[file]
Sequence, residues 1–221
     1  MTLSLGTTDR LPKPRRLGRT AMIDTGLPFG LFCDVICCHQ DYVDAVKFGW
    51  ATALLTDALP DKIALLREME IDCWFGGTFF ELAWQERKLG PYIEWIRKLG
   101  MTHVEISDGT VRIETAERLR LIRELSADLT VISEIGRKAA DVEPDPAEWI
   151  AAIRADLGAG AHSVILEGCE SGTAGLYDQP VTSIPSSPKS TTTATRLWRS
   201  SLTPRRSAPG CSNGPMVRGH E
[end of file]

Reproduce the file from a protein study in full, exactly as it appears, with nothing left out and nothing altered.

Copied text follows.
Sequence, residues 1–221
     1  MTLSLGTTDR LPKPRRLGRT AMIDTGLPFG LFCDVICCHQ DYVDAVKFGW
    51  ATALLTDALP DKIALLREME IDCWFGGTFF ELAWQERKLG PYIEWIRKLG
   101  MTHVEISDGT VRIETAERLR LIRELSADLT VISEIGRKAA DVEPDPAEWI
   151  AAIRADLGAG AHSVILEGCE SGTAGLYDQP VTSIPSSPKS TTTATRLWRS
   201  SLTPRRSAPG CSNGPMVRGH E